Thursday, April 22, 2010


1. Stop talking. To others and to yourself. Learn to still the voice within. You can’t listen if you are talking.

2. Imagine the other person’s point of view. Picture yourself in her position, doing her work, facing her problems, using her language, and having her values. If the other person is younger or more junior, remember your own early years.

3. Look, act, and be interested. Don’t read your mail, doodle, shuffle, or tap papers while others are talking.

4. Observe nonverbal behavior, like body language, to glean meanings beyond what is said to you.

5. Don’t interrupt. Sit still past your tolerance level, the point when you would normally speak.

6. Listen between the lines for implicit meanings as well as the explicit ones. Consider connotations as well as denotations. Note figures of speech. Instead of accepting a person’s remarks as the whole story, look for omissions -- things left unsaid or unexplained, which should logically be present. Ask about these.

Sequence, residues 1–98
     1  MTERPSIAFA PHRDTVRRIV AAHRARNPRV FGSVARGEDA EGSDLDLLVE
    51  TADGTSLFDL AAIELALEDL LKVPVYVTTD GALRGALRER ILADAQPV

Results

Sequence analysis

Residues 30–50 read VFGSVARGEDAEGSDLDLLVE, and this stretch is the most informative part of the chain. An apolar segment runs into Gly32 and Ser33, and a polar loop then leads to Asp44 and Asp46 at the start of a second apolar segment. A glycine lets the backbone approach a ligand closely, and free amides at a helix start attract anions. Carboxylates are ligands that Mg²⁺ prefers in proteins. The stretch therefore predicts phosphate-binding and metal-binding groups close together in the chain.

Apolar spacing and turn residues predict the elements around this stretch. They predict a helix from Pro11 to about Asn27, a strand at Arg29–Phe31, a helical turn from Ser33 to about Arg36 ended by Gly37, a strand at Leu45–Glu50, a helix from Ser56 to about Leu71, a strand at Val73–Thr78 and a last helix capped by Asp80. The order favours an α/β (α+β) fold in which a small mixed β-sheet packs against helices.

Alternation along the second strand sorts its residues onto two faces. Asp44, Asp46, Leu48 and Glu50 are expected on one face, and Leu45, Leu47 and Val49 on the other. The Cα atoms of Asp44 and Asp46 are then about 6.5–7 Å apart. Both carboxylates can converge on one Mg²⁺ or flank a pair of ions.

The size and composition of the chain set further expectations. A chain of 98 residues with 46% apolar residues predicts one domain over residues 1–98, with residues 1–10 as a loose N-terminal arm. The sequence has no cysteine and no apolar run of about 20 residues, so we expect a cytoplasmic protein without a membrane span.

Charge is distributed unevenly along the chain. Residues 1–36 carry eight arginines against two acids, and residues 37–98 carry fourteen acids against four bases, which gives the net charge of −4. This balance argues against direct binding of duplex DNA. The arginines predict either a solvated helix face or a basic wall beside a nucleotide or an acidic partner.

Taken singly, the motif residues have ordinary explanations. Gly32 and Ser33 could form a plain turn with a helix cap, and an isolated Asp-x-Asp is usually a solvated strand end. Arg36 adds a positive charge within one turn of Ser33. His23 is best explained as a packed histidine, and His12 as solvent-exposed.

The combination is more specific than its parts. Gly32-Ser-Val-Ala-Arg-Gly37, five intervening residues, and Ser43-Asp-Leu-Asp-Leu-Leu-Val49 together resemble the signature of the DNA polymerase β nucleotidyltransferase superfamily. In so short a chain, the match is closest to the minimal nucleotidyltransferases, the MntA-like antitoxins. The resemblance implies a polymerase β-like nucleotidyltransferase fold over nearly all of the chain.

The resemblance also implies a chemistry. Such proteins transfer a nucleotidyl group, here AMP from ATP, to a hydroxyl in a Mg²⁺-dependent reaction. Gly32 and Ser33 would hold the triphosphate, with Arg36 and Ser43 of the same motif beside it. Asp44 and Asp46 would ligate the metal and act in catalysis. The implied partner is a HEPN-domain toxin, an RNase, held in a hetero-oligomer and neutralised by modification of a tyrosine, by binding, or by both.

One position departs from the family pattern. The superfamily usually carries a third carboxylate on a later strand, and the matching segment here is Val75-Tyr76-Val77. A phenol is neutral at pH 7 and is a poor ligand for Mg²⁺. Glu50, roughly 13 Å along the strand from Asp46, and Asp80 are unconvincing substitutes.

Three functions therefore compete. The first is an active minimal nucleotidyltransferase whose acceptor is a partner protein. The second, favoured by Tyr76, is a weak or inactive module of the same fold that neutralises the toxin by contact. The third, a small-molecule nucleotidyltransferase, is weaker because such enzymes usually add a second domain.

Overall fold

7. Speak only affirmatively while listening. Resist the temptation to jump in with an
evaluative, critical, or disparaging comment at the moment a remark is uttered. Confine yourself to constructive replies until criticism can be offered without blame.

8. To ensure understanding, rephrase what the other person has just told you at key points in the conversation. Yes, I know this is the old ‘active listening’ technique, but it works.

9. Stop talking. This is first and last, because all other techniques of listening depend on it. Take a vow of silence once in a while.

"Listening is the most underdeveloped leadership skill."

~ Peter Drucker;

[Source: Action Learning Guide; Federal Executive Institute, U. S. Office of Personnel Management;]

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